FAIRBANKS — Ice Alaska is not the only group that wants to host the World Ice Art Championships next year.
The Tanana Valley Fair Association and Christmas in Ice each have their sights on the ice carving event. They will bid on a $1.7 million state grant designated specifically for an ice park, which the borough may soon appropriate. And while the nonprofit Ice Alaska has run the event for 22 years, several local ice carvers say it’s time to pass the torch to a new organization.
Ice Alaska offered to buy the ice park land from the Alaska Railroad Corp. last week for $4.1 million, counting on using the state grant.
But Borough Mayor Luke Hopkins wants to award it through a bidding process that will compare the business plans, infrastructure and economic sustainability of the groups.
Fair general manager Randi Carnahan says the fairgrounds are the best home for the event because they have the needed space, experience and volunteer power.
“When we look at the 100 acres of land we’re sitting on out here, it just makes sense to at least give it a run, with the knowledge we have,” she said.
Fair organizers have been mulling the idea for nearly 10 years and have been encouraged by the community, officials in Juneau and ice carvers to host the ice park, she said.
“I don’t think it has been a satisfying event for the carvers in recent years, which puts its world-class standing in jeopardy. If you don’t have the carvers, you don’t have an event,” Carnahan said.
They would use the $1.7 million for expanding electrical and plumbing systems as well as buildings, she said.
The two main drawbacks identified with the site, lack of shade and ice, are surmountable, she said. Single blocks can be carved in the shaded campground area while shades can be built for the multiblock carvings.
The fairgrounds would use ice from O’Grady Pond (at the current ice park) for the first year and ultimately dredge a pond, Carnahan said.
Christmas in Ice organizer Keith Fye argued the North Pole site (adjacent to the Santa Claus House) is most suitable for the event. That organization would use the grant to buy 27 acres near downtown North Pole, including an on-site gravel pit for ice, and build permanent facilities.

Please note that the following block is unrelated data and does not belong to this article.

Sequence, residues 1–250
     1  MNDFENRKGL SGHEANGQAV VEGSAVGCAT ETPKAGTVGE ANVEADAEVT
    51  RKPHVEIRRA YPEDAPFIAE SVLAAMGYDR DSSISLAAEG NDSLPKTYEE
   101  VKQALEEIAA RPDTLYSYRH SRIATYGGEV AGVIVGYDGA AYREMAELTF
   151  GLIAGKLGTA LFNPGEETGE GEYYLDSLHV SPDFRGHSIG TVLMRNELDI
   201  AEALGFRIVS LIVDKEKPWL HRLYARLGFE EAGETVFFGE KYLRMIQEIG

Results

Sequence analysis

The biggest advantage over the other locations is superior ice, Fye said.
“Our ponds are dredged more frequently, we don’t have the algae and little snails (Ice Alaska) does,” he said.
He said trucking millions of pounds of ice to the fairgrounds on public roadways is not the best option.
He expects moving the event to North Pole would have an initial impact but would eventually be just as popular as the current location.
“Any one of us could duplicate all the events, it would just take a year to build it back up, two years tops,” Fye said.
Ice Alaska Chairman Dick Brickley couldn’t disagree more.
“I know how hard it was to do that over 25 years, to recreate that, nobody has any idea,” he said.
But two local ice carvers are advocating a move to the fairgrounds, saying Ice Alaska has been cutting corners with prize money, ice quality and facilities.
“It’s been somewhat of a struggle for the past 11 years,” said Steve Brice, who has participated in the event since 1990.
“The big gripe this year was for the four-man competition, we came in second place, with a $100 entry fee, the prize was $68, for a six-day event,” he said.
While artists aren’t in it for the cash, such low prize money has demoralized and even offended some of the participants, he said. A standard two-day competition offers about $3,500 for first place and $2,000 for second place, he said.
The ice has worsened over the past five years; the blocks were rougher and smaller than expected this year, he said.
“My thoughts are, if Ice Alaska doesn’t mend the level of treatment for the people who compete here, I will carve elsewhere,” Brice said.
His wife Heather, who has carved at the event since 1998, started a Facebook group for sculptors who want to move to the fairgrounds. She said the frustration was fairly widespread, especially among contenders for prize money.
Yet Joe Rimer, an ice carver from Florida, said he and his team were satisfied with the event and are eager to return. It was his first time, and he helped carve a 207-foot bar-top of ice, which set a Guinness World Record.
“I understand the criticism of the prize money,” he said. “But I know it takes a tremendous amount of resources to pull a project of this size together.”
Brickley agrees conditions worsened this year but said it was a one-time thing.
“The board made a conscious decision to cut back” because they might need money to shut down the park, he said.
They only offered a $5,000 purse this year, as opposed to $15,000-$20,000 in past years. The organization also pays for lodging, some travel expenses and gifts like sweatshirts. Ice quality suffered because Ice Alaska couldn’t afford to bail out the pond, Brickley said. The organization wants to fix both issues once it has financial security.
Contact staff writer Molly Rettig at 459-7590.